Imagine if instead of using a sophisticated algorithm to produce its search results, Google employed a few employees who had to take search requests manually and scour the Internet for the most relevant websites? Users would wait far longer for results and the ones they got would often be inaccurate or incomplete. So it’s a good bet the company would not be worth $382.5 billion as it is today.
Although this may be an extreme example, it proves an important point: for complex tasks involving multiple data sets that change continuously, a sophisticated algorithm is a faster, more accurate way to arrive at a solution than manual calculation. And that statement is just as valid for contact centers as it is for search engines.
The bottom line is simple: Any contact center manager or supervisor who is still trying to create staffing schedules manually simply cannot be completing those tasks as efficiently as possible. Such staffing schedules must be created based on too many variable factors for a manager to incorporate and calculate by hand and arrive at the optimal result. Schedules also change regularly, making the task even more challenging.
Take a contact center manager working for a vehicle roadside assistance provider as an example. With a foot of snow predicted for the region the next day, that manager knows he or she will need more agents on call than would be necessary on a typical day. But questions remain:
- Just how many additional agents will be necessary?
- Can the need be covered by staffers, or will the manager need to enlist help from “freelance” representatives?
- How many agents with specialized expertise in snow-related vehicle problems will be needed?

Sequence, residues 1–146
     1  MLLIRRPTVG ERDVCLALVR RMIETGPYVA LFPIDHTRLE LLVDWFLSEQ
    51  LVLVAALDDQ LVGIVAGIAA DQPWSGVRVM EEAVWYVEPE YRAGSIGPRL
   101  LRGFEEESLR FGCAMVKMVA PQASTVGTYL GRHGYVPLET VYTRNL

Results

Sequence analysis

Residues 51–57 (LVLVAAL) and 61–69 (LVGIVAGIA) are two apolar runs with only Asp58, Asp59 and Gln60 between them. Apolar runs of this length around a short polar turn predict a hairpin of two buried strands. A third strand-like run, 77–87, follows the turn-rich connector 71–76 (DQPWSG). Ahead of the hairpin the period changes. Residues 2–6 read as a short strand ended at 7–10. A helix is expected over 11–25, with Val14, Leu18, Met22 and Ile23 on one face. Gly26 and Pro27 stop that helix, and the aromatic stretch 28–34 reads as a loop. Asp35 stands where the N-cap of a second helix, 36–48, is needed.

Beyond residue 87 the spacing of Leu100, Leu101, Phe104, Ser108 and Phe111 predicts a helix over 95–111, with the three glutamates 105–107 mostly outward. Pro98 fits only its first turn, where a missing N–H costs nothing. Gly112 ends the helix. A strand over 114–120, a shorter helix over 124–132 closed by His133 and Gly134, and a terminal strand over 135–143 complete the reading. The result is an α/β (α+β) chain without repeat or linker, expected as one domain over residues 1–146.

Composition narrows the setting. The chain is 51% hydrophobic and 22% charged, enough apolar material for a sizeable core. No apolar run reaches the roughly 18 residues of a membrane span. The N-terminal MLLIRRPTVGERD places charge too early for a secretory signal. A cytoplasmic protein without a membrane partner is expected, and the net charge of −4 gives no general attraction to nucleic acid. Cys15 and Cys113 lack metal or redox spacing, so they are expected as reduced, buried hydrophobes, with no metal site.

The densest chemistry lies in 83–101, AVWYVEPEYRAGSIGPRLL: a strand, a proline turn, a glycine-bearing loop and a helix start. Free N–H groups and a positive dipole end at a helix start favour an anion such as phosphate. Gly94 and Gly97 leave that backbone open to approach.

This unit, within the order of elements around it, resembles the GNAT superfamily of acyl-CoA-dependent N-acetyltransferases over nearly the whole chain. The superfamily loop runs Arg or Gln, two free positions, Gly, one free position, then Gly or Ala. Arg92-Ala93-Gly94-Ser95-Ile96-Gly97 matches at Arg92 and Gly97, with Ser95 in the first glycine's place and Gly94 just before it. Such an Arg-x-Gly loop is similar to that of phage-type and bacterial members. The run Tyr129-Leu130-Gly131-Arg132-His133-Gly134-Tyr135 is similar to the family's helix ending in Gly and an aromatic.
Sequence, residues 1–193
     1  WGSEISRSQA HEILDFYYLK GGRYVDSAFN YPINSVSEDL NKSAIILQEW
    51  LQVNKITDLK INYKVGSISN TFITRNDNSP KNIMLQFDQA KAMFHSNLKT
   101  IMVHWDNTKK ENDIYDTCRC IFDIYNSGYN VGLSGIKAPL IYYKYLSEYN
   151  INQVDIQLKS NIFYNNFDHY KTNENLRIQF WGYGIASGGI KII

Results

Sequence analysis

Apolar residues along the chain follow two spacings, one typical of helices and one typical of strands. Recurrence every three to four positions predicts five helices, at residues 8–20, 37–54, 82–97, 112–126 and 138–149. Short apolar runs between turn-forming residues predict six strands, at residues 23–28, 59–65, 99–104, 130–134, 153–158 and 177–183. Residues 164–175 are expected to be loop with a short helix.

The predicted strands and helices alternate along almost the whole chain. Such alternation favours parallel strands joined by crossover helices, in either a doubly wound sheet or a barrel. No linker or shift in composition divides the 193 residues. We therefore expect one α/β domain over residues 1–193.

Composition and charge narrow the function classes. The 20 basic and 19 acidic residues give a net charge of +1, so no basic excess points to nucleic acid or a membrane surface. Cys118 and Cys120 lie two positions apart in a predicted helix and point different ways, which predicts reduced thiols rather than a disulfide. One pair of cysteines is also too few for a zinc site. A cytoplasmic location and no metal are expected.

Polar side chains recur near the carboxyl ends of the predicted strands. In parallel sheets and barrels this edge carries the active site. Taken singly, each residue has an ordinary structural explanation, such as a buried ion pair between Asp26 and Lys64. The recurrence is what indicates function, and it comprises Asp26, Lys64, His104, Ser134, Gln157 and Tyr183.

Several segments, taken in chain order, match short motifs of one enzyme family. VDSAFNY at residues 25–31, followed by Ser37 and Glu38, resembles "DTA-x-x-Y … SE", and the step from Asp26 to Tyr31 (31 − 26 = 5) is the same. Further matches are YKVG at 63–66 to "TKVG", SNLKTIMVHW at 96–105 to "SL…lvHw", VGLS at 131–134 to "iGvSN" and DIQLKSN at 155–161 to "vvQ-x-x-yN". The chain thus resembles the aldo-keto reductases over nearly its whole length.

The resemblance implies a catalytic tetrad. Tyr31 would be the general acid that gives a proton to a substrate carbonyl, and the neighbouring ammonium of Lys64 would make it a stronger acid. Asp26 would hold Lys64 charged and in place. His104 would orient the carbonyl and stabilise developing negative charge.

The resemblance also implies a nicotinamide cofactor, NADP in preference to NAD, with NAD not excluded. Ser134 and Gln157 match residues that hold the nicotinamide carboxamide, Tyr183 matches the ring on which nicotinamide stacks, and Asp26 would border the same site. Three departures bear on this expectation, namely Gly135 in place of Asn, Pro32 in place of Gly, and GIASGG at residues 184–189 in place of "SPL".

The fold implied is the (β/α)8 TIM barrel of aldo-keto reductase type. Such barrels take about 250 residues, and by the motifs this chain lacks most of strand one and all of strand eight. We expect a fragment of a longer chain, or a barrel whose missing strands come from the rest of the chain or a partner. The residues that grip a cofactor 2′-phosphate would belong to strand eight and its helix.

- Will shifts need to be extended to accommodate call volume?
To reliably answer these questions, the contact center needs to access data from similar storms in the past and use the information to predict the resources it will need for the coming storm. If it cannot take this information into account—or if manually looking at archived data and trying to interpret it to make future predictions is impossible—any attempt a manager makes at staffing according to need is essentially guesswork. If the contact center guesses wrong, it will either under staff—creating long hold times, low customer satisfaction and potentially breached SLAs—or overstaff, which is a waste of money.
A forecasting algorithm that can intelligently recognize patterns in past data, incorporate information about agent skill sets and predict future customer actions based on past behavior can take any guesswork out of contact center staffing. Best-in-class workforce management solutions that leverage such algorithms can create staffing schedules automatically by taking all relevant factors into account, removing the burden off a manager or supervisor’s plate. Such technology can also push daily schedules and changes out to agents automatically, relieving busy managers of another time-consuming task and saving the business money on expensive paper schedule printing and distribution.
According to research from Dimension Data, 29 percent of contact centers have no workforce management system. Just as call recording, speech and desktop analytics, e-learning and coaching, and live monitoring are essential parts of a best-in-class workforce optimization solution, if that solution does not include workforce management built on a predictive algorithm, contact center managers are likely still doing more manual work than necessary and not allocating staff resources as effectively as possible. Put another way, a workforce optimization puzzle without a sophisticated staffing algorithm is missing a crucial piece.